Design of the Week | Spotlight
Really, Mark de Silva's essay on putdownable prose and the difference between cookie-cutter and visionary work published at 3:AM Magazine had a profound effect on me. Previously, I held a speech by Jason Flores-Williams, delivered at the closing of CBGB's, and later published in The Brooklyn Rail as my raison d'être at Two Dollar Radio:
"I’m talking about getting brutally weird again. I’m talking about doing art that’s beyond co-option. I’m talking about forging new myths. I’m talking about creative resistance that scares the shit out of the rich robots, Sex in the City slaves, stockbrokers, cultural gatekeepers and pigs in power. I’m talking about dangerous expression that’ll make Todd and Ashley think long and hard about moving into the ’hood and exposing their little banker to the new hip warriors of the American night."
It is excellent, and will always ring true, but at times you need something to drift in and re-affirm your stance, which is what Mark's essay did.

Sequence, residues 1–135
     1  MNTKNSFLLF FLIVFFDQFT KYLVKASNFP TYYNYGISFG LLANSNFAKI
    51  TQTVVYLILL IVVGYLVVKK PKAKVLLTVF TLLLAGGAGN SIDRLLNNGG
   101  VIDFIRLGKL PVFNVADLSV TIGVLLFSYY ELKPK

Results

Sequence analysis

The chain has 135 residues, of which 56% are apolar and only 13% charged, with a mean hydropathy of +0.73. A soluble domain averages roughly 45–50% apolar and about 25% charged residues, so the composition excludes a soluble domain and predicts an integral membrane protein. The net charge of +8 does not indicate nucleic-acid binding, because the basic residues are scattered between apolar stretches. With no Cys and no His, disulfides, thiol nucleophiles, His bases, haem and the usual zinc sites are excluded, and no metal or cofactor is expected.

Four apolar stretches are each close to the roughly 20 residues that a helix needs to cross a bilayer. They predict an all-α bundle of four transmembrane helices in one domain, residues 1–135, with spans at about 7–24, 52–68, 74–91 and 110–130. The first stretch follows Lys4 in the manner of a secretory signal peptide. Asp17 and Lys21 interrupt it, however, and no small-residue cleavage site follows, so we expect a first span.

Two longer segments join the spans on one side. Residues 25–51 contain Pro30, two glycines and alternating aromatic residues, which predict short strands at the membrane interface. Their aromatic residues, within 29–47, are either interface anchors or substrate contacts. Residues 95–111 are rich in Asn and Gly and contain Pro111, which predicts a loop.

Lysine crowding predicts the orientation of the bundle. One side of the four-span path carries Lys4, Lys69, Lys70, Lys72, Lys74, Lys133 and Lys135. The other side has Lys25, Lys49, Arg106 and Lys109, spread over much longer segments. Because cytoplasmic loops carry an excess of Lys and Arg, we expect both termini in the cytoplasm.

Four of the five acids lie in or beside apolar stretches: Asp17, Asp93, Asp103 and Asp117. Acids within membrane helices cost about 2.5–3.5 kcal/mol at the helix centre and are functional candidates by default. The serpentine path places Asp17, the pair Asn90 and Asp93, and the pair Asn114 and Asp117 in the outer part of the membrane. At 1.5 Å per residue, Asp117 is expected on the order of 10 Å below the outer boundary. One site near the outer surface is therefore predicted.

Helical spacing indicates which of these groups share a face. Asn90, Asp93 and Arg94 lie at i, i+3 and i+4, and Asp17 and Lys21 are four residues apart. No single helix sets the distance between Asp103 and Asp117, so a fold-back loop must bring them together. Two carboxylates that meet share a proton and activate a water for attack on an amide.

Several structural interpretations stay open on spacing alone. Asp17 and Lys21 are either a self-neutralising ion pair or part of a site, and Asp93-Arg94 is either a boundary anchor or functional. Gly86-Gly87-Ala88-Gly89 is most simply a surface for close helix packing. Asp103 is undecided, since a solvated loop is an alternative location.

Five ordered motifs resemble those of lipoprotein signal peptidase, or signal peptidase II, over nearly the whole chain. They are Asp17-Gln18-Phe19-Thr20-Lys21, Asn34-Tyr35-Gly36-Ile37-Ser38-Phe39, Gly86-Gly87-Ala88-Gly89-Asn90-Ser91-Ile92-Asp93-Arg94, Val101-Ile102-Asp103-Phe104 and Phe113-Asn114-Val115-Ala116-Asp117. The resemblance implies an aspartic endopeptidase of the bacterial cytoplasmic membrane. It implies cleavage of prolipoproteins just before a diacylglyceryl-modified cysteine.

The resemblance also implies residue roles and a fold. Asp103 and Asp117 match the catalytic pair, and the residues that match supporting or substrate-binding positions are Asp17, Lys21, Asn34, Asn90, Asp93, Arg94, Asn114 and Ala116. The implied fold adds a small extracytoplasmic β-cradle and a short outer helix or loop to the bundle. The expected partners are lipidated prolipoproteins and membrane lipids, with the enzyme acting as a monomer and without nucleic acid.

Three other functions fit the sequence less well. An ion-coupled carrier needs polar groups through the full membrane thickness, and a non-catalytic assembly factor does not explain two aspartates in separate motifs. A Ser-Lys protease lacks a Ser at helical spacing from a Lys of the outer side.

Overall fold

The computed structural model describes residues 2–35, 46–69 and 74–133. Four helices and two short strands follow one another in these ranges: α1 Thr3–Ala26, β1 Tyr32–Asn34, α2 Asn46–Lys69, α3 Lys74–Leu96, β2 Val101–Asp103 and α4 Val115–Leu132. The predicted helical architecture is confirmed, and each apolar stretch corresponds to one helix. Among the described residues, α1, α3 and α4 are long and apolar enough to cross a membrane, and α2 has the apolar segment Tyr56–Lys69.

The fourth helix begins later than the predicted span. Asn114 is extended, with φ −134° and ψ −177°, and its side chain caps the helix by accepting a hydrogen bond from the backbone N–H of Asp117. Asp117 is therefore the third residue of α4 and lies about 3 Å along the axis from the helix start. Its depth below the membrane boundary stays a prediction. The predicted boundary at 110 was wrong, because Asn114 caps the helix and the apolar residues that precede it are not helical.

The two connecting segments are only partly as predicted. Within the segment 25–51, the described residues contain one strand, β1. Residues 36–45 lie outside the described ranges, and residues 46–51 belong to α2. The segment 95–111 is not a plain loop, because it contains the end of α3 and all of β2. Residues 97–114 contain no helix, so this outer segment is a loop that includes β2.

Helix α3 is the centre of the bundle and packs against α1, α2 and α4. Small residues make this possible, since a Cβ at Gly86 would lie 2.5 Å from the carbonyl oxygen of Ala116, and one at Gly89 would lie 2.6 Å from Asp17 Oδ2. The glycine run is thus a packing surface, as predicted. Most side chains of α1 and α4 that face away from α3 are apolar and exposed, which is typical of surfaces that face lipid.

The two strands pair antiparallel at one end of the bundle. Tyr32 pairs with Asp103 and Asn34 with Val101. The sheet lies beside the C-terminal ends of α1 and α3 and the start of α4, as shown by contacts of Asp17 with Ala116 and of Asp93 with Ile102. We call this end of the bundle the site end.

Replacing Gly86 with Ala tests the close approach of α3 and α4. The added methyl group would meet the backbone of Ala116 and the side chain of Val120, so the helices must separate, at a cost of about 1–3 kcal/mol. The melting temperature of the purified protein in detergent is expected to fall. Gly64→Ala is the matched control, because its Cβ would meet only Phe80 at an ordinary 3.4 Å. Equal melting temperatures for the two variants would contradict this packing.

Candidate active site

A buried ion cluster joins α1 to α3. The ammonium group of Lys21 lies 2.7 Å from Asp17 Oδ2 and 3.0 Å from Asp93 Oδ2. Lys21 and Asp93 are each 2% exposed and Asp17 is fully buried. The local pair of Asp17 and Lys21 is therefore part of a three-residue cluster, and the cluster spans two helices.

We watched Spotlight this past weekend. It was straightforward, solid, seamless, well-crafted storytelling. It is a heart-wrenching true story that makes you wonder how so many people could look the other way and permit something like that to happen.
When it boils down, though, apart from its compelling human-interest/true-crime nature, there was nothing transformative, visionary, or creative enough about the movie to make me believe that it's ever something I'll draw on in the future. There are no fingerprints: anyone could have written, directed, and probably acted in it.
That seems like the mode that films are made in (or at least the big ones and many of the independent features these days), as turbo-charged entertainments that don't necessarily compel viewers to pause and think—about what they're watching, about what is happening, or why.